For the purpose of this post, we will define kettlebell juggling as the act of tossing or flipping a kettlebell(s) in the air by releasing the bell(s) with or without a flip of the kettlebell, followed by catching it, repeating continuously with multiple tosses or flips in a row. Both a planned routine or an unscripted manner of tossing the kettlebell are ways to juggle (see below for an example of freestyle).
There are as many ways to juggle kettlebells as there are reasons to do so. One way of juggling kettlebells, you may have seen, that is growing in popularity is called Power Juggling. This type of kettlebell juggling can be seen at kettlebell sport competitions where power juggling competitors are awarded points by judges according to specific kettlebell power juggling criteria.
Characteristic of power juggling is beautiful choreography set to music usually done in ornate uniforms with high looping technical passes overhead, behind the back, around the body and under the leg. The kettlebell is flipped minimum one rotation, with multiple rotations and more difficult types of flips earning greater points similar to gymnastic scoring. In competition, power juggling is performed by a single juggler or in pairs.... like synchronized swimming except on land, with a cannonball that has a handle!!!
Watch this video to see one of the best Power Jugglers in the world, Oksana Nikifor, truly an amazing athlete and the person I recommend learning power juggle from if this is the type of kettlebell juggling that suits you.
Power juggling is impressive to watch and fun to explore. Even though the kettlebell juggling we do in KPP (KPP Juggling™) shares some similar movements with power juggling, for the most part they are different animals with different purposes. The main focus of this post is on KPP Juggling™.
KPP Juggling™ is part of the Kettlebell Solo™ programs from the Kettlebell Partner Passing® curriculum. Kettlebell Solo™ is used to develop individual strength, mobility and kettlebell handling skills when partners are unavailable for practice. Kettlebell Solo™ is sufficient for fortification and preparation of the body, mind and spirit for the more vigorous demands of passing kettlebells with a partner.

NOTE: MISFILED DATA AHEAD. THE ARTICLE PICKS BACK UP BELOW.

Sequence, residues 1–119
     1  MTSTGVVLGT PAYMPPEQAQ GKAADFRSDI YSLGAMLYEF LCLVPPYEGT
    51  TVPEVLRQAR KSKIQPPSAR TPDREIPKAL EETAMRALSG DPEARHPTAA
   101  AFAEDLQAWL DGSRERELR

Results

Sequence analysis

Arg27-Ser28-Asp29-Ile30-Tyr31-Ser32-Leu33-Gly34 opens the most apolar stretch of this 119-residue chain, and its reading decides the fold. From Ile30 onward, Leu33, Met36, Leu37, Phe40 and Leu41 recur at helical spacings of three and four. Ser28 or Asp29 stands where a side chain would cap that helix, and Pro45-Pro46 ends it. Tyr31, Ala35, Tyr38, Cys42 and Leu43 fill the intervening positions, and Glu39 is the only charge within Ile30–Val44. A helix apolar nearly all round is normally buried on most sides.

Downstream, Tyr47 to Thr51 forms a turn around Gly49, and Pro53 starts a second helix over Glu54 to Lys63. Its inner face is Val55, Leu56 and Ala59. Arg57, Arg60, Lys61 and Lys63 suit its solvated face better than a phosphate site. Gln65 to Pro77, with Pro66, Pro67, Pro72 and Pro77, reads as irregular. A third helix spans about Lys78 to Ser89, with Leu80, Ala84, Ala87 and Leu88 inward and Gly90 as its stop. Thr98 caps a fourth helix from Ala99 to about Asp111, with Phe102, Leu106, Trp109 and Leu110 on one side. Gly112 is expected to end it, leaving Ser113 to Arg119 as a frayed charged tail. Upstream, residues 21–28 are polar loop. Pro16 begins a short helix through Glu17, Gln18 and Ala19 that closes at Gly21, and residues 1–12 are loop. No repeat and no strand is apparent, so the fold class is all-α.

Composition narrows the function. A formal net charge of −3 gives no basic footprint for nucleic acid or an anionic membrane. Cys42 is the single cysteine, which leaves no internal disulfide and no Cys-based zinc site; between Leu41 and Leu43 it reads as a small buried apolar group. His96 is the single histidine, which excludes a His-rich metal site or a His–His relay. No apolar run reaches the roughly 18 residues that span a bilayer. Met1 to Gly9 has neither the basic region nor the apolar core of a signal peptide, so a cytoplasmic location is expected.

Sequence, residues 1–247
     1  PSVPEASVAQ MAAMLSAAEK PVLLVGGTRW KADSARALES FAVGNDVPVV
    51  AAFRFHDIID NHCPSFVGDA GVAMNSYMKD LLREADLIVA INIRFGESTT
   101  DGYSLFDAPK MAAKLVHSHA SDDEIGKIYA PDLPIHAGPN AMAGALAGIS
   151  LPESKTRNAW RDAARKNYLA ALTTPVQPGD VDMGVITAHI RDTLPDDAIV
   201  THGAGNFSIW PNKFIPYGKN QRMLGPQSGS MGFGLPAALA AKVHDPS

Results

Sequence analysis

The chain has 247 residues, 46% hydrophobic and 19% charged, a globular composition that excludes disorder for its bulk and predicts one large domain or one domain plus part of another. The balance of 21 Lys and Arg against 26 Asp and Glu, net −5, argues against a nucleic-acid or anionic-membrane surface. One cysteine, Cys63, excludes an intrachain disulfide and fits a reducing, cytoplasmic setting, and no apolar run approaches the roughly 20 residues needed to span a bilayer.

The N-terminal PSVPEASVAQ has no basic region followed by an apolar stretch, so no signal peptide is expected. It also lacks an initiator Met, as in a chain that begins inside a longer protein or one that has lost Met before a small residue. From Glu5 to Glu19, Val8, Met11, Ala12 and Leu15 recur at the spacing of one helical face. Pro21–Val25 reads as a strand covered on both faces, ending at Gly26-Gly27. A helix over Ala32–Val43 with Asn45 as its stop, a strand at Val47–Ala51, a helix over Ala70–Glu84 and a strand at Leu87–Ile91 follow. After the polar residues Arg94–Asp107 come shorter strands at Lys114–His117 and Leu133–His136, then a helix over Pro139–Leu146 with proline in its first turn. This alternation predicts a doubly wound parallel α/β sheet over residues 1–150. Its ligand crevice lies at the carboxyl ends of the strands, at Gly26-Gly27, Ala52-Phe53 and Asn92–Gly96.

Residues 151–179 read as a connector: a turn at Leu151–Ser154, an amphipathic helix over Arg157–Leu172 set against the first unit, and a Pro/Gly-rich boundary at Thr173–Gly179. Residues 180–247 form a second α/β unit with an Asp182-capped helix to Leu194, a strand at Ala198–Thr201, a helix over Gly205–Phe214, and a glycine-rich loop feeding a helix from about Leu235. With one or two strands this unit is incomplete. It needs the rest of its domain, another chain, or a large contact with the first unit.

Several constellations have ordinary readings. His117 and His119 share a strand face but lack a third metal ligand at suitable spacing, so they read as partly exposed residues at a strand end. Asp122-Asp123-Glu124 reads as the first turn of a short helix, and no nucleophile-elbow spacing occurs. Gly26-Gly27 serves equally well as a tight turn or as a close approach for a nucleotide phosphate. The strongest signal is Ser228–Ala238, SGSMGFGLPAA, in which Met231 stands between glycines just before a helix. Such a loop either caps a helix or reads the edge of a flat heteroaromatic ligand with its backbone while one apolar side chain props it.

KPP Juggling™ sets the foundation for KPP skills and each exercise has a purpose that correlates with specific passes and patterns in KPP. KPP Juggling™ is based on the two-hand front and two-hand back flip and investment in these two flips will pay dividends down the road in both KPP Juggling™ and when passing kettlebells with a partner.
KPP juggling’s main focus is hand to hand passes and flips to oneself in front of the body, behind the back and through the legs, mainly using either a single rotation of the kettlebell or no flip at all. Keep in mind making the bell flip additional revolutions may not directly translate to better partner passing skills, however it does provide an added challenge that will improve focus and this has significant carryover when you are passing with your partner. Multiple revolutions of the kettlebell when juggling can be practiced to spice up your practice.
The five-step process that we teach in KPP to help students gain proficiency in KPP Juggling™ has micro progressions within each step for learning and excelling at KPP Juggling™:
The Five Steps are:
1. Learning the basic flips
2. Building basic routines
3. Learning advanced flips
4. Building advanced routines
5. Graduating to freestyle and beyond
Step (1) Learning the basic flips:
1. Two hand release and catch
2. Crush grip catch
3. Front flip
4. Back flip
5. Single hand release and catch
6. Single hand pass (hand to hand pass)
Step (2) Building basic routines:
Routine is an established pattern of linked skills comprised of the various flips and passes. A routine is a set pattern that is practiced the same way each time you practice it. When you change the pattern, it becomes a new routine. An example of a routine could simply be alternating a back flip with a front flip every time or it can be as complex as you want to make it. Think of learning the flips as the alphabet of KPP juggling™ Think of routines as creating KPP juggling™ sentences and freestyle as having a KPP juggling™ conversation with yourself. What? You never talk to yourself?